“Motherhood is an amazing, overwhelming experience but new mothers are bombarded daily by inaccurate information on social media which heaps on the pressures,” says Moira McLoughlin, a new mother who took part in the development of new resources on the mental, physical and sexual health of women during pregnancy and following the birth of their babies.
Dr Deirdre Daly, assistant professor of midwifery at Trinity College Dublin school of nursing and midwifery, says: "We stop focusing on women's health after the birth as the attention shifts from the mother to the baby. This creates a natural silence in which sensitive health issues aren't talked about."
The Messages for Mothers Massive Open Online Course (MOOC) – which was launched by the school of nursing and midwifery at Trinity on Monday, October 21st – aims to give mothers reliable and trustworthy information about the "common but not normal" health issues that many mothers face following the birth of their baby.
McLoughlin, who has since trained as an antenatal teacher, adds: “New motherhood is such a steep learning curve, yet society expects new mothers to bounce back without strategies and honest, factual information about the health issues they face.”
She says that when she had her first baby in 2013, there was very little spoken about issues such as postnatal depression. “Women are also told too many anecdotes and jokes about not being able to jump on the trampoline with their children – but urinary incontinence is not a joke. It’s important to recognise what’s normal and what’s not and have the confidence to speak out about health issues and know where to seek professional help,” adds McLoughlin.
Urinary incontinence is a hugely under-discussed physical health issue that affects a high percentage of women before, during and after pregnancy. Yet often because it can be embarrassing to talk about, many GPs and public health nurses don’t give new mothers enough advice and information on how to deal with it.
The Messages for Mothers resource presents clear explanations about the crucial role of strong pelvic floor muscles in preventing and treating urinary incontinence, a YouTube video explaining how to do pelvic floor muscle exercises properly, in which one woman speaks about her experience of urinary incontinence, and there's a downloadable tracker so women can incorporate these exercises into their daily lives.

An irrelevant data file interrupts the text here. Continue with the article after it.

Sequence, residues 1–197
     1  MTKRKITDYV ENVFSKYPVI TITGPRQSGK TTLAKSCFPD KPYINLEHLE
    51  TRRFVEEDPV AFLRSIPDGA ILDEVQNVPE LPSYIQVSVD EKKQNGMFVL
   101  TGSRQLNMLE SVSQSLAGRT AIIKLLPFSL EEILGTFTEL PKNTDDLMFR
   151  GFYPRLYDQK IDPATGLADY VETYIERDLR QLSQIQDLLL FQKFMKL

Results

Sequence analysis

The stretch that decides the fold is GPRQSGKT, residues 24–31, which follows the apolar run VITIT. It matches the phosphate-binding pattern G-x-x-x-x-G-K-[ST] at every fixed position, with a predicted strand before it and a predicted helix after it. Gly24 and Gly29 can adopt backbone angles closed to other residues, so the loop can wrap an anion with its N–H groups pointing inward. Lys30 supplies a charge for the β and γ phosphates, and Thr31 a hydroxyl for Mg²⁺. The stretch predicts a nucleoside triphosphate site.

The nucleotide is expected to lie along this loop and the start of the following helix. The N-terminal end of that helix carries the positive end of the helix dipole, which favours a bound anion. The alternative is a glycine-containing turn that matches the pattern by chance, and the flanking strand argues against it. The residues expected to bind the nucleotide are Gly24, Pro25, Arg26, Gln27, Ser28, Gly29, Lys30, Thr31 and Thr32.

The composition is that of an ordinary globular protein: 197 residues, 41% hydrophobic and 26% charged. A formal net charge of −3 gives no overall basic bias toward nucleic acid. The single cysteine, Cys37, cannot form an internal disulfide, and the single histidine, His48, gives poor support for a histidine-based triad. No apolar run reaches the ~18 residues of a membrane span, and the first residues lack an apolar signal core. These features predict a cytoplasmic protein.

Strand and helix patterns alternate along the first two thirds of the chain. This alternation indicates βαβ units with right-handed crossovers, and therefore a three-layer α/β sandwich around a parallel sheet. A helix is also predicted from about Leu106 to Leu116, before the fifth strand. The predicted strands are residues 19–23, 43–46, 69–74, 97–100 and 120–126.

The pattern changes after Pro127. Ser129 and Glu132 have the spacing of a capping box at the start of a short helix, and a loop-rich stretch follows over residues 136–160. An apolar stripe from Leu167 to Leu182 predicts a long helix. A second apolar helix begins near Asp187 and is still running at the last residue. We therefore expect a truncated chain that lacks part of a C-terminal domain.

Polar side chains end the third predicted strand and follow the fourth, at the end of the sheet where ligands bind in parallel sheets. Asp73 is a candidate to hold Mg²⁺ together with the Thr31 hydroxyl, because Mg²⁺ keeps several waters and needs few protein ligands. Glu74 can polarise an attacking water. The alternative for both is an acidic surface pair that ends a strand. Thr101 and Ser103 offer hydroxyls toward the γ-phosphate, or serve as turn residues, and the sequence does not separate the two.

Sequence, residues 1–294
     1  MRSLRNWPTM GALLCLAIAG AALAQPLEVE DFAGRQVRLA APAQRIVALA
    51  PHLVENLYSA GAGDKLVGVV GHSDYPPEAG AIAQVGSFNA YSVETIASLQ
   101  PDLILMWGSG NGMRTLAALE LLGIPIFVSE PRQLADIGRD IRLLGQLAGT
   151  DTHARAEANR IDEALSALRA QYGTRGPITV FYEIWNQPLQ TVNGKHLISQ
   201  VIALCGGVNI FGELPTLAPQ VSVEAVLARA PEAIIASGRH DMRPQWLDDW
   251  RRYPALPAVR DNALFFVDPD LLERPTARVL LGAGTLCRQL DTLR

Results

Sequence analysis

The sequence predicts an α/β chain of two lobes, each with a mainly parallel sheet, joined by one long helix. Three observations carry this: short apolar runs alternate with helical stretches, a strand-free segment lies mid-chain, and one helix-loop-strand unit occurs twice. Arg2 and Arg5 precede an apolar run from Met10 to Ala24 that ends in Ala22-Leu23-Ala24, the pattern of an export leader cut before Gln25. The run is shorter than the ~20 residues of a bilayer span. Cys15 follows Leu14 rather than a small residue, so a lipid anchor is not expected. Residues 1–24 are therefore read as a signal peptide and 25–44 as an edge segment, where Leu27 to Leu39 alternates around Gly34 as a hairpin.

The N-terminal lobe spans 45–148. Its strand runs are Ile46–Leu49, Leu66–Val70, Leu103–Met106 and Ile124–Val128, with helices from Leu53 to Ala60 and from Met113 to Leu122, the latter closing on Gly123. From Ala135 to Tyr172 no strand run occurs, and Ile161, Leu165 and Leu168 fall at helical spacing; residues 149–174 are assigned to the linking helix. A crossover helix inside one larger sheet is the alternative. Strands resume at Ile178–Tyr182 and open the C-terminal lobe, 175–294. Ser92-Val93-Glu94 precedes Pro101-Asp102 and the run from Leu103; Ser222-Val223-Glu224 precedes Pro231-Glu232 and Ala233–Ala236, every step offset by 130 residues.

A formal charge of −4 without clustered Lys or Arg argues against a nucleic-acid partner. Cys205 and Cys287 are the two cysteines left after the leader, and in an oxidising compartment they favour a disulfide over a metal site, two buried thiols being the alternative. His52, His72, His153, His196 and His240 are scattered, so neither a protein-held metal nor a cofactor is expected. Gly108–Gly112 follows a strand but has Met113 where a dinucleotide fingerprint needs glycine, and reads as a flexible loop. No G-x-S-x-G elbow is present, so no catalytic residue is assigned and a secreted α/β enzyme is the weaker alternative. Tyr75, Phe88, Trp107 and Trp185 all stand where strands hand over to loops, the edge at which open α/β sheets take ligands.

Naomi Donaldson, another mother who took part in the development of the Messages for Mothers resources, says that when her son, Evan, was born, she felt lost. "I felt really lonely and guilty that I didn't know what to do. I told the public health nurse that I was really exhausted and she said all new mothers are exhausted. Partaking in this study was the first time I felt someone cared about me and answered the questions I was afraid to ask."
Jessica who also participated in the research believes that nobody is willing to be honest about childbirth and early motherhood until the baby is born. “It is one of the most unprepared experiences of your life. It’s like a secret club that you’re not inducted into until you’re already in it, by which time, you might already be traumatised because you weren’t adequately prepared. I wish there was more open dialogue and honesty about childbirth and how tough it can be.”
Each woman who took part in the research that informed the Messages for Mothers resources filled in detailed questionnaires about their physical, mental and sexual health during pregnancy and up to 12 months after their babies were born. As well as the input from new mothers, a women’s health physiotherapist, a perinatal psychiatrist, and experts in mental health, sexual health and domestic violence contributed to the online resources. Modules on the MOOC include mental health, urinary and faecal incontinence, wound healing and care, body changes, sexual health, mastitis and pelvic girdle pain.
Dr Daly says many women experience pain when they resume sexual intercourse after giving birth. “The resources give tips on self-help and information about what point you need to speak to your doctor, public health nurse, midwife or women’s health physiotherapist.”
Ellen McEvoy, another mother who was involved in the research, says there were lots of things she wished she had known about childbirth and new motherhood. “The transition into motherhood needs to be better. I felt lonelier than I ever could have imagined I’d feel. I feared everything in the world yet most of it wouldn’t happen. I wished I’d been more familiar with what being induced would be like and I wish I’d known to take the laxative after childbirth.”
McEvoy, who sought help for anxiety several months after her baby was born, says conversations with women after they become mothers need to be more open. “I wasn’t great when I became a mother. I didn’t fall in love with my baby straight away. Reaching out for help was the most important thing I did and I now want to help support a generation of mothers.”